However, this is only one part of the solution, there are many others. Doctors are still heavy keyboard users, even though we thought that AI would record the voice and transcribe it directly into notes. Liberation from the keyboard! We also see doctors toiling over charts to gather enough information about the patient, which could be done for them using suitable algorithms. These are some ways we can outsource this burden to machines, so that every visit to the doctor takes less time and is less prone to error, thus improving the whole relationship. In this way, we could use digital tools to restore humanity in medicine.
Will AI give doctors the gift of time? Right now, many doctors are frustrated as they have even more work in this era of computers, as they spend time clicking instead of talking to the patient.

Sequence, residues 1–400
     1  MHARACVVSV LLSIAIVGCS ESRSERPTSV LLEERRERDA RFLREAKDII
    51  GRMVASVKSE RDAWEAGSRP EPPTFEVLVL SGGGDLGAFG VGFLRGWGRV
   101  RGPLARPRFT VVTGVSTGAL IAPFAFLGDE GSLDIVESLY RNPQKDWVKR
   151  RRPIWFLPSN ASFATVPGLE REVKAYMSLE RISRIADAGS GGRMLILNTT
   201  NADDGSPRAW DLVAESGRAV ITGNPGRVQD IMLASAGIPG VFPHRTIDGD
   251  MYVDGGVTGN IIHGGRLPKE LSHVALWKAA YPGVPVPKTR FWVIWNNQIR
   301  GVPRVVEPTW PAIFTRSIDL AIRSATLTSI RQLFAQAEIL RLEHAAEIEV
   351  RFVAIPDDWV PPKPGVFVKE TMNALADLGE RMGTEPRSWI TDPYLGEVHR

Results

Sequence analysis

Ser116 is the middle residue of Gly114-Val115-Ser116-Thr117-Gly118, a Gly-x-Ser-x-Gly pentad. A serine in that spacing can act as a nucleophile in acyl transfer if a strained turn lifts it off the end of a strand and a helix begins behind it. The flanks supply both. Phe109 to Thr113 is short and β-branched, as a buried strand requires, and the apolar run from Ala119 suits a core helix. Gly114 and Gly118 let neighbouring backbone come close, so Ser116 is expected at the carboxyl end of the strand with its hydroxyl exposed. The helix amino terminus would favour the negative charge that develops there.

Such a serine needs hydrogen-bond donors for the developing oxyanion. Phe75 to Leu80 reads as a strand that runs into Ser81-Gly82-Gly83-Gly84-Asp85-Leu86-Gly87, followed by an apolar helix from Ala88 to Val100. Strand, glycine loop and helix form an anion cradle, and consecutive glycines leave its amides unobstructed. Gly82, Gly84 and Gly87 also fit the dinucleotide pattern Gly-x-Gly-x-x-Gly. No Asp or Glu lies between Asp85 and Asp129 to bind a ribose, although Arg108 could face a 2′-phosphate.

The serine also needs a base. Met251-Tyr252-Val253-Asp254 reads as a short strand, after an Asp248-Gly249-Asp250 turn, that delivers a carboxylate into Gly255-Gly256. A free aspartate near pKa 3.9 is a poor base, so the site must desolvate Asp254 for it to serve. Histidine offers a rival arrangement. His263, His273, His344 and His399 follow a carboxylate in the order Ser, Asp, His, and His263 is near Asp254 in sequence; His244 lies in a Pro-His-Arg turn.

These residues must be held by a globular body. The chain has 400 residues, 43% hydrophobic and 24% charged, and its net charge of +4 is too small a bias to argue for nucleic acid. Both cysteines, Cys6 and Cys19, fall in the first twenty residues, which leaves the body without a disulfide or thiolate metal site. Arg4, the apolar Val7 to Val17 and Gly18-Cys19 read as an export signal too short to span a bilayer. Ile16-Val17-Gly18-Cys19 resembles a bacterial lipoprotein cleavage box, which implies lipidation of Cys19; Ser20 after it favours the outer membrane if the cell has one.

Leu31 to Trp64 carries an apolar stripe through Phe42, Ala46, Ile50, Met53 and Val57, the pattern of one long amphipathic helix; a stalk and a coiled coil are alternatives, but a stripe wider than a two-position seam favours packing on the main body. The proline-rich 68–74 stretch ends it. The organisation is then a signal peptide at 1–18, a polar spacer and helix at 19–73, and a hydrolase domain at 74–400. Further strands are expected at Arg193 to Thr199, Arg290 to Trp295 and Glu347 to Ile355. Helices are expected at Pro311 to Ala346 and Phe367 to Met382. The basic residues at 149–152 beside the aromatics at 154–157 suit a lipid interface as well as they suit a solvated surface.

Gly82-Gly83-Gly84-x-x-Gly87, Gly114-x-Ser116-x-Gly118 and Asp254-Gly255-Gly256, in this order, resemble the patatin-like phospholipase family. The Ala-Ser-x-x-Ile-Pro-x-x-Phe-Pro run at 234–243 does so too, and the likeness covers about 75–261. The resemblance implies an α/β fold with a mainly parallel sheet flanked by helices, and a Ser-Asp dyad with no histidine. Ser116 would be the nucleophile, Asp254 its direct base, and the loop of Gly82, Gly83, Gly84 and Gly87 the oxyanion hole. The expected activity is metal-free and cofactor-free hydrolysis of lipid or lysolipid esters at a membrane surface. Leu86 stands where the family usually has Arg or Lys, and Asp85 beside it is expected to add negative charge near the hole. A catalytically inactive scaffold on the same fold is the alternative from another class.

The gift of time can be illusory because it can make things worse. Improving productivity and efficiency can also encourage administrators to think: “Oh, good! Now you can see more patients and read more scans.” They then squeeze doctors more, making things worse. Already more than half of the doctors face burnout because they are unable to achieve their mission. This burning out of doctors is accompanied by a doubling of the medical error rates, and today about 20% of doctors suffer from clinical depression. This is a problem because administrators have already squeezed doctors to an unacceptable extent. It could go the other way, where doctors stand up and say: “No, you cannot do this to us anymore, or to our patients. We went into medicine to spend time with our patients, to provide care, to have a presence, to use our hands for the examination, to be able to think, to be able to care for patients with empathy, to have time to discuss things with them.” All this has been lost to a large degree, because of the squeeze.